In this podcast I breakdown why anti-racist ACCOMPLICE is preferable to “ally.” I would love to hear your feedback! _________________________________________________________________________ Paulo Friere wrote, “Washing one’s hands of the conflict between the powerful and the powerless means to side with the powerful, not to be neutral. ” This workbook was created to address the myth Read more about Top 5 Reasons Why I Prefer an Anti-racist ACCOMPLICE to an “Ally.”[…]
In this episode I prove that poetry works with seasoned adults, college aged readers and writers, and high school “novices.” I travel from Illinois’s capitol, where I read for the state legislators, and the Illinois Humanities administration, to McKendree University, and I end with the brilliant young scholars in East St. Louis Senior high school’s Read more about The FEMININE PRONOUN Series #13: The Kids Are Alright![…]
“We po’.” Almost everyday, my grandmother would say this simple sentence. The missing verb served to make it more immediate, like a simple equation. “We po’.” We equaled poor. Sometimes she said it in response to the evening news when groups of white men argued in Washington, DC about laws and elections. Then, “We po’” Read more about Is there Such a Thing as a Poor White Progressive?[…]
The Black Arts contains multitudes! Watch the diversity of expression as poets Francine J. Harris and Thylias Moss stretch the notion of a black poem all over the St. Louis Metro. I document the literary arts from Left Bank Books in the Central West End, to the Pulitzer Arts Foundation in Grand Center. With a Read more about The FEMININE PRONOUN Series #12: Black Avant Garde[…]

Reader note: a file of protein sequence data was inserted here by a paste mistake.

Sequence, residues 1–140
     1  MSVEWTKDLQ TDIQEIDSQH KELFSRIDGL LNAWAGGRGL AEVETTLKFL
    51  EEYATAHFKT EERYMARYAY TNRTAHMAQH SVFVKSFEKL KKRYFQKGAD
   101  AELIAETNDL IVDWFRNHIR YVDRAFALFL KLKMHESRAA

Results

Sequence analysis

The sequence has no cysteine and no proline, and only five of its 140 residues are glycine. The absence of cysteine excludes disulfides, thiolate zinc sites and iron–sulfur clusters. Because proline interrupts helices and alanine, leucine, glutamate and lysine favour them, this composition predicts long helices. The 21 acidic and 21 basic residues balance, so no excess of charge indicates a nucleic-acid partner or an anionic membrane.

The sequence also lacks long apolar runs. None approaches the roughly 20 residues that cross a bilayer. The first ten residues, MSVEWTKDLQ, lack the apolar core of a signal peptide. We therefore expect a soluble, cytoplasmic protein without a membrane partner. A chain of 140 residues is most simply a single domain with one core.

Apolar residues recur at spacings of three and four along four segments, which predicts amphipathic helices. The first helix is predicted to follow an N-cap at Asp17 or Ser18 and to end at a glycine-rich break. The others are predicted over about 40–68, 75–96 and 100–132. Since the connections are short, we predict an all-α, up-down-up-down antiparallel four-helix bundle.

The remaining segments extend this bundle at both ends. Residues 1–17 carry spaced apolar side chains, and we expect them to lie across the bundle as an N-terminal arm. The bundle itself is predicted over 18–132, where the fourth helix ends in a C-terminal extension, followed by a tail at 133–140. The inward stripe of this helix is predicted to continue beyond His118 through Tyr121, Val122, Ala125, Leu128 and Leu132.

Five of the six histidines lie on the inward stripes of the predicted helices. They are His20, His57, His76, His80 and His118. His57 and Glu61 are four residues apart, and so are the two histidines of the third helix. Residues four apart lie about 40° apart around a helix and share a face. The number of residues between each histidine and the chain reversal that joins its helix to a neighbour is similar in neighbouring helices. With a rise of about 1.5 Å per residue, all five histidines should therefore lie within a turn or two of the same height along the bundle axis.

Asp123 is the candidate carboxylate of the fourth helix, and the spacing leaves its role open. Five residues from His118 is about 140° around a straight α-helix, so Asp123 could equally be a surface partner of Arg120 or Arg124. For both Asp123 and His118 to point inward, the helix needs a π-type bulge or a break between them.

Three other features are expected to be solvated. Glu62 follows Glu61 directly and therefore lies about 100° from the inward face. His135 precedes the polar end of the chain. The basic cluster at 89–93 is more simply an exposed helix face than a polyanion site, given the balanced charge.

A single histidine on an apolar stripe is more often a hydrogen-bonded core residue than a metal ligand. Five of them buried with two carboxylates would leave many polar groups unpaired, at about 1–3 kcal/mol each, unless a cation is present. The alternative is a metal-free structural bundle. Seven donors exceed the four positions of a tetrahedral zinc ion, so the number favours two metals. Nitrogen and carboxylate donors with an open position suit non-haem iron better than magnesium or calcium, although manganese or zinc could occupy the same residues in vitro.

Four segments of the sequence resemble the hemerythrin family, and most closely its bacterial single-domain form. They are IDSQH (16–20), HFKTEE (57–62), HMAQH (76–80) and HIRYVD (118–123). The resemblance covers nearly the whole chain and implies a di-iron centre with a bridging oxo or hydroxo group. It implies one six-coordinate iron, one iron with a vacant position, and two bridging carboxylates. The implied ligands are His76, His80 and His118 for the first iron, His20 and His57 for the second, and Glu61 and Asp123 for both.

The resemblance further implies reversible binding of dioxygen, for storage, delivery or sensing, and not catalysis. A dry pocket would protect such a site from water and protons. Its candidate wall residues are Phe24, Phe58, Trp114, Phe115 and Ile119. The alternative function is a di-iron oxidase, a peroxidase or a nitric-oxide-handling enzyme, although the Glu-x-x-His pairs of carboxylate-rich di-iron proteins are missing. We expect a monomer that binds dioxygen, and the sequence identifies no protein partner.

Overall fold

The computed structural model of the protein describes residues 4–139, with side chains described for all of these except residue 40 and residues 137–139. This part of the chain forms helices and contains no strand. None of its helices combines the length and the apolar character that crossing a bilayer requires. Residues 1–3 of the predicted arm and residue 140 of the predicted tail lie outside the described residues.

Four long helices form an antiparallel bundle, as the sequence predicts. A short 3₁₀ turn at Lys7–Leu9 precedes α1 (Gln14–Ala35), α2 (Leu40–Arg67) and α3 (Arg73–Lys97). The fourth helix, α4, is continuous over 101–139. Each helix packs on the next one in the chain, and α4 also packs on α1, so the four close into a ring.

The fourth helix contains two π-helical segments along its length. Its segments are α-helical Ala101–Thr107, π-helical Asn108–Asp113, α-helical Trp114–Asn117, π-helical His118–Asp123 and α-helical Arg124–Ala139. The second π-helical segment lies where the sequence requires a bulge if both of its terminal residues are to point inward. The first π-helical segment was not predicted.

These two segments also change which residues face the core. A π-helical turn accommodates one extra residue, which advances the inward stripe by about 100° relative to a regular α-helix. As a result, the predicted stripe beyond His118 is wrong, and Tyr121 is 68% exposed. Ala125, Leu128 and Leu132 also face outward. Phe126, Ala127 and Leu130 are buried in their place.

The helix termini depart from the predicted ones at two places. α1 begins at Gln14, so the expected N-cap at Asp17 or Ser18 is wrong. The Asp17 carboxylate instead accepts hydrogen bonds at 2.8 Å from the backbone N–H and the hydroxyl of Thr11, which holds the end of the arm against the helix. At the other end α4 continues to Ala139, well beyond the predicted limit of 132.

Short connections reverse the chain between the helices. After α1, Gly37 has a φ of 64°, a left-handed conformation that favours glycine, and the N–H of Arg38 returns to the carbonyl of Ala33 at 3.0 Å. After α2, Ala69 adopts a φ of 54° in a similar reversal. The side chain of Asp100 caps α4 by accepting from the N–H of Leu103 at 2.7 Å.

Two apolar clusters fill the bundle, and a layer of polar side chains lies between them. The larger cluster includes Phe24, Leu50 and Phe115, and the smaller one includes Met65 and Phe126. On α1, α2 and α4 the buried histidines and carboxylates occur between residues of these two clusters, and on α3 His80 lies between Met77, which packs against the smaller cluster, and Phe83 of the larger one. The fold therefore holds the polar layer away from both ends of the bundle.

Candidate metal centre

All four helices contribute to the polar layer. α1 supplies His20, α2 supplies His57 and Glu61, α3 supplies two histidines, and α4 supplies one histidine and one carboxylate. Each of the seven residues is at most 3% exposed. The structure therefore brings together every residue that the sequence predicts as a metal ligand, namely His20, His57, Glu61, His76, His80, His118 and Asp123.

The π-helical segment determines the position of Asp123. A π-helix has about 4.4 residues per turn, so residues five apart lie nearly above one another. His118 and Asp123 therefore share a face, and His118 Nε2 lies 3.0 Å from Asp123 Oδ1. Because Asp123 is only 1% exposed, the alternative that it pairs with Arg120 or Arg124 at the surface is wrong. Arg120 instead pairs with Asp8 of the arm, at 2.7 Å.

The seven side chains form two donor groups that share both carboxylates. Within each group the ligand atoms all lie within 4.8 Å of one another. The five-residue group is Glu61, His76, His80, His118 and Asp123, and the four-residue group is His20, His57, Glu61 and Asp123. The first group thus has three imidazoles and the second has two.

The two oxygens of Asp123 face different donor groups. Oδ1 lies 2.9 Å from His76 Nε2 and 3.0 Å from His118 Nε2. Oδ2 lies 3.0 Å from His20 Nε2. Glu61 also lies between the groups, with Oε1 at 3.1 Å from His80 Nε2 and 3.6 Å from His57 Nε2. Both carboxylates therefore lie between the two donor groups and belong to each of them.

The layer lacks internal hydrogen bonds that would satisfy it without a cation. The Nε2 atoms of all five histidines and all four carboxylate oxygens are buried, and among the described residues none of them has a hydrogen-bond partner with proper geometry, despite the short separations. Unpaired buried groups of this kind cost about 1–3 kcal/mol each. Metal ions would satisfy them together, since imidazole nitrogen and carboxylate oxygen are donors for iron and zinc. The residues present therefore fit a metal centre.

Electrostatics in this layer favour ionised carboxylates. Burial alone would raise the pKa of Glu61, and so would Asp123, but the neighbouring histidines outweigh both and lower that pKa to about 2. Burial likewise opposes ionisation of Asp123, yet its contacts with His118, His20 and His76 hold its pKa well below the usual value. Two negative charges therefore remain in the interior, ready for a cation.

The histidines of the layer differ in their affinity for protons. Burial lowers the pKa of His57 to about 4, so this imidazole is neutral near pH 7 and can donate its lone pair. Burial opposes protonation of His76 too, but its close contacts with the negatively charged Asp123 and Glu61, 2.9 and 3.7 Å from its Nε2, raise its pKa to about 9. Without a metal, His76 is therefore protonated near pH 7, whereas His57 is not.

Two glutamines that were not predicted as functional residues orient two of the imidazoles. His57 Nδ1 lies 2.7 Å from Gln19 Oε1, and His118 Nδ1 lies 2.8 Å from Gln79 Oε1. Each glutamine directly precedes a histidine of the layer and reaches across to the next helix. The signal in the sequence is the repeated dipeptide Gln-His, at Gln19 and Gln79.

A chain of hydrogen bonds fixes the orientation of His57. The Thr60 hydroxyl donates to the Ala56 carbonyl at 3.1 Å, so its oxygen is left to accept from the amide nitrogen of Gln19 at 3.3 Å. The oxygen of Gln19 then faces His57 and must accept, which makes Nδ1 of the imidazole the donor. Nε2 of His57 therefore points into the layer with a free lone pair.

I threw the bodiless blonde in the trunk of the car, hoping I’d disposed of it in such a way as to not draw attention to her abrupt disappearance. This was late night espionage. I drove around for days like this. I imagined her painted smile, and her pastel blue eyes with their fixed stare. Read more about Representation Matters[…]
This episode of The Feminine Pronoun youtube blog series finds me sharing the power and resonance of Fannie Lou Hamer with a population she loved — children. The EYESEEME bookstore (the only black children’s bookstore in St. Louis) provided a welcoming space for the inquisitive crew and their mentors.
In this week’s episode of the Feminine Pronoun series, your intrepid poet (me:) signs books at New Life in Christ Interdenominational Church. I sold and signed copies of my book, *chop: a collection of kwansabas for fannie lou hammer*. It’s being carried in their book store, the LIFE CHANGER book store. You get a glimpse Read more about The FEMININE PRONOUN Youtube Vlog #10: Black Poetry & Black Church[…]